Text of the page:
The Secretary of State justified opting out, saying that it will free nurses and doctors who have been frustrated by the constraints of bureaucracy for years, and will allow them to use their abilities and to work as they wish. When I asked doctors, consultants and nurses why they had expressed an interest in opting out, they identified one reason—lack of cash. They are heartily sick of a Health Service in which they cannot provide care to the number of patients they want because they are short of resources. That is the only reason why they have expressed an interest in opting out. They do not want to go down that road, but they want to get more money out of the Government. They are appalled that the regional health authority is bringing in extra staff to develop plans for opting out when there is a freeze on nurses' jobs in the hospital. There is a freeze on nursing staff, but more accountants can come into the Health Service. That shows the strength of the Government's commitment.

A meeting of 185 local doctors in Manchester and of the local medical committee passed a resolution that was in absolute opposition to the Government's plans for GP services. GPs are fearful, regardless of the assurances given by the Secretary of State, about what cash-limited budgets will mean for the service delivered. As my hon. Friend the Member for Burnley (Mr. Pike) said, what is happening to the social fund is a good example.

Last weekend a constituent came to me because she had been refused a community care grant. She was told that there was no money left in the budget. After further investigation, I found out that the Department of Social Security is having to reassess priorities within the budget, because the cash is running out rapidly. If my constituent had gone to the DSS earlier in the year, she would have got a grant, but at this stage, because of the change in priorities, she will not. GPs fear that the same thing will happen with their practice budgets. They may be able to prescribe a particular treatment for one patient at the beginning of the year, but when money is getting short they may have to prescribe another treatment for a similar patient later in the year.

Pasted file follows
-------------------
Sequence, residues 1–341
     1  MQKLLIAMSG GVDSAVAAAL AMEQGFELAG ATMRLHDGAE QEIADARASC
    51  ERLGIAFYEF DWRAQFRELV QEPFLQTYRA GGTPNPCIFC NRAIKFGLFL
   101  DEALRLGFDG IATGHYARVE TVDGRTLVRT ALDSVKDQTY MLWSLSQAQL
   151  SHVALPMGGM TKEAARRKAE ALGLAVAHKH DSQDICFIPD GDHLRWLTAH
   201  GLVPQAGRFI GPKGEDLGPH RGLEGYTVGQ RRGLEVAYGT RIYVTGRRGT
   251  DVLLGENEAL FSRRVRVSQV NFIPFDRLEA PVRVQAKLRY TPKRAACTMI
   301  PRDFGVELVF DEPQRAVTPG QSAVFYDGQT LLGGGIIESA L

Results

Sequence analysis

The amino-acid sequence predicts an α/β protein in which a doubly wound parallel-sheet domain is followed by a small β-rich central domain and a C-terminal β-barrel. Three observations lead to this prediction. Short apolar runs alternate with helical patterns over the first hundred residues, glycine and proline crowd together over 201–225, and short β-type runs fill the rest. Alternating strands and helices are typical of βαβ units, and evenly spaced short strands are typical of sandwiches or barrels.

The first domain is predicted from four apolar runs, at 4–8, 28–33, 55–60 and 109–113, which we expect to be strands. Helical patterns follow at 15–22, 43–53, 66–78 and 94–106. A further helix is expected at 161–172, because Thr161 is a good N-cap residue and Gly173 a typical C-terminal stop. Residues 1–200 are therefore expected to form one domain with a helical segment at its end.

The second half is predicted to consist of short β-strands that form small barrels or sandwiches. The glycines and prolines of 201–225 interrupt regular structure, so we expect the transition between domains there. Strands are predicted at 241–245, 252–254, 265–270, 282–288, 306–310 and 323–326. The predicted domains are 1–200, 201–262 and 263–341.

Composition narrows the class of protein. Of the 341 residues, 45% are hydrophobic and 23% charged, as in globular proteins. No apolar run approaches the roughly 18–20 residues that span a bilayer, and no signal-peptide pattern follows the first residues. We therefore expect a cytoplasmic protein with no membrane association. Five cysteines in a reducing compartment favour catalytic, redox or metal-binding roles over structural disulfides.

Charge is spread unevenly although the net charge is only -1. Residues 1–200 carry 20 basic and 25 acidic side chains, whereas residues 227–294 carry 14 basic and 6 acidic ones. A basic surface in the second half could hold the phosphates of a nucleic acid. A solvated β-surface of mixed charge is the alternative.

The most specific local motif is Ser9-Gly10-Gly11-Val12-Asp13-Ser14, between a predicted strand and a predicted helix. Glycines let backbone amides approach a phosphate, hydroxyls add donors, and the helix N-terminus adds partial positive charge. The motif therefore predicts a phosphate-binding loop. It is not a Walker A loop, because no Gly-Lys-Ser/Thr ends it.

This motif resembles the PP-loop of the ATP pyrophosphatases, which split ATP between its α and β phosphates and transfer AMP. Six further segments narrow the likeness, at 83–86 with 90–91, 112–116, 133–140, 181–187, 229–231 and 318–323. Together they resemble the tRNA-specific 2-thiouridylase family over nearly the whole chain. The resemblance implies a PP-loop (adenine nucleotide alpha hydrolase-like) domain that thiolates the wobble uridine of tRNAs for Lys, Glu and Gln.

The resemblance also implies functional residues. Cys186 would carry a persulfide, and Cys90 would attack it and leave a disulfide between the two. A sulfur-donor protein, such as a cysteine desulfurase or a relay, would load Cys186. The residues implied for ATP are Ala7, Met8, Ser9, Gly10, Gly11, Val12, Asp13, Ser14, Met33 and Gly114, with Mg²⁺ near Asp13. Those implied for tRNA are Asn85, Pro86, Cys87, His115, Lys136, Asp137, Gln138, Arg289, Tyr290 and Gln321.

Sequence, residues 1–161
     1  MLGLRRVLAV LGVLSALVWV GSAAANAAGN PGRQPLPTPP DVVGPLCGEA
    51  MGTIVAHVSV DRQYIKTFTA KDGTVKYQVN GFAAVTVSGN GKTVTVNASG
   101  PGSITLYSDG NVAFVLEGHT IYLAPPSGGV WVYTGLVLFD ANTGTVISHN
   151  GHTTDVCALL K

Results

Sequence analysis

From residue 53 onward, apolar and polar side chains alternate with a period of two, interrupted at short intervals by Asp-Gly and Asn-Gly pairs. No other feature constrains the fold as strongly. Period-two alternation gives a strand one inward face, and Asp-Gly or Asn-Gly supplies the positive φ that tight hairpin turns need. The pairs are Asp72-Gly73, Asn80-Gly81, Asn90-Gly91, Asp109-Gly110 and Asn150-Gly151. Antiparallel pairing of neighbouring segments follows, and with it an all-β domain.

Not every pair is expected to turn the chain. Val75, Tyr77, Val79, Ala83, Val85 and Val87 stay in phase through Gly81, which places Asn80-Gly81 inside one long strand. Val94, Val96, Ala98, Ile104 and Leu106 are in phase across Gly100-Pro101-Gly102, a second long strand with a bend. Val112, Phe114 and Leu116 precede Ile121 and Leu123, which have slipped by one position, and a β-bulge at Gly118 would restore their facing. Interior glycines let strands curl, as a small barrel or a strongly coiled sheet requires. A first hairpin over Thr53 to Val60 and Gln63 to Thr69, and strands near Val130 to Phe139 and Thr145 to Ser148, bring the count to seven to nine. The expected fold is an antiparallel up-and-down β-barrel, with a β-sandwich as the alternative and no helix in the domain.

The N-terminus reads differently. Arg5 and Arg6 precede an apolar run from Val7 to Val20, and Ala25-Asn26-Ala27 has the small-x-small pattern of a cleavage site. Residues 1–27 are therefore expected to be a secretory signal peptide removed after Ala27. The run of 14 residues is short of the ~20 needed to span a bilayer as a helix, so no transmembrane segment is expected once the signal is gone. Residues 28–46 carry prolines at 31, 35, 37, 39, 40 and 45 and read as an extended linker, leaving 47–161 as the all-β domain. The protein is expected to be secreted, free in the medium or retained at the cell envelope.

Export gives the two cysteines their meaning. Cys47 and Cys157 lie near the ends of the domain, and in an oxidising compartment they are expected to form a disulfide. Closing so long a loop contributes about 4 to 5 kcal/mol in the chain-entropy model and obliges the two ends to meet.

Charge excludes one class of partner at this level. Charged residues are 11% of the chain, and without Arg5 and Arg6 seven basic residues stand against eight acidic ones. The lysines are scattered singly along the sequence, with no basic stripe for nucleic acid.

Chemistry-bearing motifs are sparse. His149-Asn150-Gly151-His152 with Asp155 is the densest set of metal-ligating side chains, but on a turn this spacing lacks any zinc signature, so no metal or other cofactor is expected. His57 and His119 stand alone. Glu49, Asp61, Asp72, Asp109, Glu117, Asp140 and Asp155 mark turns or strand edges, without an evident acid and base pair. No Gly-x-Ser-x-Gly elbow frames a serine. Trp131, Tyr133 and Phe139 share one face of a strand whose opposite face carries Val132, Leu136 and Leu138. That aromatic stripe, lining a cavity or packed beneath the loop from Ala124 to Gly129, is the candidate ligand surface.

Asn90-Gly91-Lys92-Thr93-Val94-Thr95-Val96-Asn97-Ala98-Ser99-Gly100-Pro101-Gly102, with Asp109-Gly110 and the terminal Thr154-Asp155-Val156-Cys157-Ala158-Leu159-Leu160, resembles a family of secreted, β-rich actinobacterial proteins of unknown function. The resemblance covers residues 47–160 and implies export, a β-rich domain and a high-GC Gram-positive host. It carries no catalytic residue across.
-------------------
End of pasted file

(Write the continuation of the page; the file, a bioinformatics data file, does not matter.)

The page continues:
General practitioners are worried that they will not have the capital that they need to develop their clinics and practices to meet the demands of the extra treatment that they will have to undertake.

In my area of Chorlton, the local health centre is already bursting at the seams. There is no room for a typewriter let alone a computer to undertake the administration that will be imposed by the Bill.

General practitioners are anxious because they already face restrictions on where they can send patients. Last week they received a letter from the regional health authority which said that, because of financial and manpower resources constraints, neurosurgery would be limited to which hospital a particular doctor in a particular area could send his patients. We already have restrictions on patient choice, and the Bill will make that worse.

Finally, GPs are concerned that waiting lists will be transferred from the hospital to the GP's practice. GPs will have to determine where to send patients, but the amount allowed for under the contract with a particular hospital for a range of services may have run out. The waiting list will be at the GP's door, not at the hospital's door.

Our opposition to the Bill is summed up best by a letter that I received from a constituent. He clearly reflects the Labour party's view when he says: I am an ordinary citizen, with a wife, three young children, and elderly parents. We all have cause to be thankful that our GPs have given us the best treatment they could provide to meet our needs, rather than the best treatment they could offer within the limits of their local budgets. And they have referred us to hospitals near our homes which provided services the population needed, rather than those which managers decided they could market efficiently. I would like it to stay that way, and if that means I must pay more in tax, I will pay more in tax. I have never before written to make my feelings known to a Member of Parliament. That I do so now is a measure of my profound opposition to the Government's proposals. That letter is one of thousands that I have received. The people of Manchester and the other people of Britain will totally oppose the Bill.